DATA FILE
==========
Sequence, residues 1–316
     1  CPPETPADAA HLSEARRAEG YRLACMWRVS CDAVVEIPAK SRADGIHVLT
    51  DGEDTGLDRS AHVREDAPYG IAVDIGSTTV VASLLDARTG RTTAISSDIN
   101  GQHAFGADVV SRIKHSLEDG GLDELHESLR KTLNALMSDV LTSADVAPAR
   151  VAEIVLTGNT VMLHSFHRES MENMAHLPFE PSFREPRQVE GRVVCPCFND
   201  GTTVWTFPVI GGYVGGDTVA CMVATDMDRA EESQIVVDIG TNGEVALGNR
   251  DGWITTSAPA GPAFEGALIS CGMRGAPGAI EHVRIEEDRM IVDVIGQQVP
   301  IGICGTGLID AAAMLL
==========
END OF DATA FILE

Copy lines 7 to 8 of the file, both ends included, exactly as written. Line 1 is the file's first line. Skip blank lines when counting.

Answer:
   251  DGWITTSAPA GPAFEGALIS CGMRGAPGAI EHVRIEEDRM IVDVIGQQVP
   301  IGICGTGLID AAAMLL